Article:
Canada Pension Plan Investment Board treats climate change like a public relations problem

By John Bennett

John Bennett is the Senior Policy Advisor of Friends of the Earth Canada.

It’s 2022 and we have been talking about climate change for 30 years. The science is clear, but not to the smart people at the Canada Pension Plan Investment Board (CPPIB). They think climate change is just a communication problem, or so it seems. It’s the same approach the fossil fuel industry and other big carbon polluters have taken for decades.

A good example is the CPPIB’s own press release on its Net-Zero plan. It says all the right-sounding words, but what is really happening?

Last fall, while Prime Minister Justin Trudeau was making big climate promises and calling for action in Glasgow, the CPPIB was creating a new oil company in Colorado. Crestone Peak Resources, a wholly owned subsidiary of the CPPIB, merged with three other Colorado oil companies to form Civitas Resources, creating the largest Colorado-based oil and gas company. The CPPIB received only stock in the new company and will have one director on the board.

In its five years of fracking operations, Crestone Peak Resources generated more than 1,000 complaints from the public.

Crestone Peak Resources also is under investigation by Colorado’s Attorney General for making political contributions to the Republicans on behalf of a foreign government. Friends of the Earth Canada and Friends of the Earth United States filed a complaint with Attorney General Philip Weiser. Under Colorado law, corporations controlled by foreign governments are barred from making political contributions in the state.

The CPPIB’s new part-time sustainability chief was apparently too busy buying foreign real estate to do any real work to protect our pensions from climate change. In fact, as a member of CPPIB’s senior management, she endorsed a deal to make it worse.

So, our pension plan had an opportunity to get out of the fracking business but chose to double down instead. It’s no wonder the CPPIB refuses to let the public see their sustainability reports on individual investments.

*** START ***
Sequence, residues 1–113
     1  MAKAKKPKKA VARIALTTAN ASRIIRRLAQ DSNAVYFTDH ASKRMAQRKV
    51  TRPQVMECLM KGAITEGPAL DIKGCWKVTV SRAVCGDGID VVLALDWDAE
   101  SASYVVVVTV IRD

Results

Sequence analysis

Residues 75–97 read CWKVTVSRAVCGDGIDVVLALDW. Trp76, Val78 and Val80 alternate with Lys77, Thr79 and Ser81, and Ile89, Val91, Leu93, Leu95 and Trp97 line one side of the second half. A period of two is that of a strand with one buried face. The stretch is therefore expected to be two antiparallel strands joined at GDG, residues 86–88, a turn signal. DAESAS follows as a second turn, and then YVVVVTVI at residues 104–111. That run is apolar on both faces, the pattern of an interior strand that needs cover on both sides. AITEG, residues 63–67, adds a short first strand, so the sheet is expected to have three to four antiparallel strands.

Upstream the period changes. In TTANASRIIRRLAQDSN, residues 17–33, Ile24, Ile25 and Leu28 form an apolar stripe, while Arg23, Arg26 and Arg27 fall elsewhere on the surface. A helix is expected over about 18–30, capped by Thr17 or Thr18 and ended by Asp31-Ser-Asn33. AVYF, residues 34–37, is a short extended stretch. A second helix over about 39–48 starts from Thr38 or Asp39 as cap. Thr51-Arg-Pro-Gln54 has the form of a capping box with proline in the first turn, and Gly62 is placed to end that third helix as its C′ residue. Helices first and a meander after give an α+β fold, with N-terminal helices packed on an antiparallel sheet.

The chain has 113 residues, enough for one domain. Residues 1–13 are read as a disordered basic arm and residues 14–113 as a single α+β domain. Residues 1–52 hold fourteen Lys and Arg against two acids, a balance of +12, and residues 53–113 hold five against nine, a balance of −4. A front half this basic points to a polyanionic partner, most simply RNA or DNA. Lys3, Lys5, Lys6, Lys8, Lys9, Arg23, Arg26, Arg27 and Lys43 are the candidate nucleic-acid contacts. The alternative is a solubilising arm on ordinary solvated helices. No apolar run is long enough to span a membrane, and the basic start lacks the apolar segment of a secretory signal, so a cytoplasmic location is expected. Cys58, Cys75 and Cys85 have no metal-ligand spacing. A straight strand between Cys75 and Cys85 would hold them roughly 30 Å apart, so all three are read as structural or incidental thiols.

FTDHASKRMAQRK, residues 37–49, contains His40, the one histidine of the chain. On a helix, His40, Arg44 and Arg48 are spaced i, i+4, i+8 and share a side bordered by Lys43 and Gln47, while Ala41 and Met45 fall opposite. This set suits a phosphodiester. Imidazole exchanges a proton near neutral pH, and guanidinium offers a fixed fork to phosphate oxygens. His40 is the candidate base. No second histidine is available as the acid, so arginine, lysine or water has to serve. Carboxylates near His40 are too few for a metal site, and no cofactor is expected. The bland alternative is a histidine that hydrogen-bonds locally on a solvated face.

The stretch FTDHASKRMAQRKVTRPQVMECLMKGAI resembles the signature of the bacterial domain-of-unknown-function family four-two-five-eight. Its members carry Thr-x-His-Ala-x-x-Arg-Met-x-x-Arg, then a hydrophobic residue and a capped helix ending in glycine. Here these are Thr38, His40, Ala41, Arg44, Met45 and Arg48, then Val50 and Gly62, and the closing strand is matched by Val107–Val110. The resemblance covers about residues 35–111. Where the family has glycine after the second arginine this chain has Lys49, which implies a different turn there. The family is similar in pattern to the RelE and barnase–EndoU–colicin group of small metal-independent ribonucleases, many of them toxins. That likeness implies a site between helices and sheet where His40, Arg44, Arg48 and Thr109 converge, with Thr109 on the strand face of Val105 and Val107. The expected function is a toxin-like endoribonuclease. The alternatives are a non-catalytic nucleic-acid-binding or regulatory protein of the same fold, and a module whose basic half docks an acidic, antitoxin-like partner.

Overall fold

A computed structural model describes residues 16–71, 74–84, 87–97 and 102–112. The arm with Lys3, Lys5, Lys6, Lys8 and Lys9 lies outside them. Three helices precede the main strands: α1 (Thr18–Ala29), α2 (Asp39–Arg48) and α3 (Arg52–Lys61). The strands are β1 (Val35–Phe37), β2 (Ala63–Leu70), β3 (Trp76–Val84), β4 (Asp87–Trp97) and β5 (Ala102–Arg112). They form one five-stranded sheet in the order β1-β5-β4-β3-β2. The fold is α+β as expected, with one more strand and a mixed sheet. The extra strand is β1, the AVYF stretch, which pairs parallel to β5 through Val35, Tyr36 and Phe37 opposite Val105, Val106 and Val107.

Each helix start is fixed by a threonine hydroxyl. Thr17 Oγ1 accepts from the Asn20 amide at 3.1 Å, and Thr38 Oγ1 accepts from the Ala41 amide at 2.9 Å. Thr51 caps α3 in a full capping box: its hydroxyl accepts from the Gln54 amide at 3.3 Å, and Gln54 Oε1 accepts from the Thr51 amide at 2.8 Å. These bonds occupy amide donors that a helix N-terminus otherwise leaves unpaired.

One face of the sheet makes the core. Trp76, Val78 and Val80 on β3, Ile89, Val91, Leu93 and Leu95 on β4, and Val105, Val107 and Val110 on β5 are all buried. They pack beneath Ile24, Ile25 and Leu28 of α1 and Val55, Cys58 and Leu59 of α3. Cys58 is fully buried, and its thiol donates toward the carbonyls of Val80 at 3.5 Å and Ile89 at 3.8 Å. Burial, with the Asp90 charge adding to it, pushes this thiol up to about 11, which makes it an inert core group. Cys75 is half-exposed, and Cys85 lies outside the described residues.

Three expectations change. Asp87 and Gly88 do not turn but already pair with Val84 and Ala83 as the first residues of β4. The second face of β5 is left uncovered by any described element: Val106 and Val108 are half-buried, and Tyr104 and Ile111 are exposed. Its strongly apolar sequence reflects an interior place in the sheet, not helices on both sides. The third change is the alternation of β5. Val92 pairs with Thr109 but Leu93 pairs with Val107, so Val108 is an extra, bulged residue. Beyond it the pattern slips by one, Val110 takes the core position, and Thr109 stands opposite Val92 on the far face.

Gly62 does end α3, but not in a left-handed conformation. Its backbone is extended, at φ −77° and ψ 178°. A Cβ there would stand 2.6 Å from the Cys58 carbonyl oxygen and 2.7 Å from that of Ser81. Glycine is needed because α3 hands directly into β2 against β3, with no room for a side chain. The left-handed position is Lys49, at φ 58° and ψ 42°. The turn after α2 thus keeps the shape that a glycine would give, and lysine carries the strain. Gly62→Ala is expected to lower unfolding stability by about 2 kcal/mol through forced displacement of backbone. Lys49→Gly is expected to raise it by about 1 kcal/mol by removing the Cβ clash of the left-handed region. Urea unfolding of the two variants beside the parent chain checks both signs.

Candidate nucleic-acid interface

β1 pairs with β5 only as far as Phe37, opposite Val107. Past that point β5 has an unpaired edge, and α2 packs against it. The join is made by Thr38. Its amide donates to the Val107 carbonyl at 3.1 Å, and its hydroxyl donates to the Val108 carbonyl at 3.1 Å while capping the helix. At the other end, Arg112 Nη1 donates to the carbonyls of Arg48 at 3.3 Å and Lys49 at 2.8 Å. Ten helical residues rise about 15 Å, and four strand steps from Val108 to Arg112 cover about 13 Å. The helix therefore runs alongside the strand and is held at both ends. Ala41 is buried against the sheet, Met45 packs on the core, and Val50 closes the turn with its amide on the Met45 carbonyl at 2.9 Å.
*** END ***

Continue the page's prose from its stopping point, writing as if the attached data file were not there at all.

This deal is apparently part of the CPPIB’s new climate change strategy. Disregarding all the urgent calls from world leaders, scientists and its contributors and beneficiaries, the CPPIB says it will continue investing in high-carbon industries including oil and gas.

The CPPIB has attempted to legitimize the idea by saying it will help these industries reduce their emissions. However, helping an oil or coal company reduce its emissions only leads to more emissions when the fossil fuels are burned.

In reality, it is the age-old strategy of buying assets when they are down hoping their value will rise in the future — Stephen Harper’s initial response to the 2008 financial crisis and telling us a dropping market creates “opportunities.”

For added cover, the CPPIB appointed a new sustainability chief around the same time Civitas Resources was created and made sure Civitas made a similar move. However, sustainability isn’t important enough to warrant a full-time chief at our $540-billion pension fund. The CPPIB’s part-time sustainability chief, Deborah Orida, retains her role as head of global real estate as well.

Civitas does have a full-time head of sustainability, Brian Cain, but is his real job public relations? According to his LinkedIn profile and his biography on Civitas’s website, Cain has a journalism degree and experience working in public affairs for Chevron Phillips, Anadarko Petroleum and the energy industry public relations firm Hill and Knowlton. There’s no mention of training in sustainability.

Why is the CPPIB still relying on public relations when it should be conducting a 1.5-degree stress test on holdings to tell us whether the fund is sustainable in the face of certain climate chaos?

It might have something to do with the makeup of the CPPIB’s board of directors and their connections in the business community. These are accomplished men and women appointed by the federal Minister of Finance in conjunction with provincial and territorial ministers of finance. Currently, 50 percent of the directors have either direct experience working with fossil fuel companies or those who finance them. Is it surprising they endorse the fossil fuel industry’s approach to climate change?

Surely, the Minister of Finance can find some qualified men and women who are able to bring climate risk assessment, cleantech and renewable energy expertise to the table.

Often environmental issues are treated like questions of ethics — doing the right thing. It’s not the case with climate change. Floods, fires, storms and heat waves cost billions and can wipe out an investment overnight. Millions of Canadians’ retirement funds depend on the management of their pension contributions. Will the funds be there if the CPPIB continues to literally pour oil on the fire while soothing us with public relations?


John Bennett is the Senior Policy Advisor of Friends of the Earth Canada, part of the world’s largest grassroots environmental network campaigning on today’s most urgent environmental and social issues.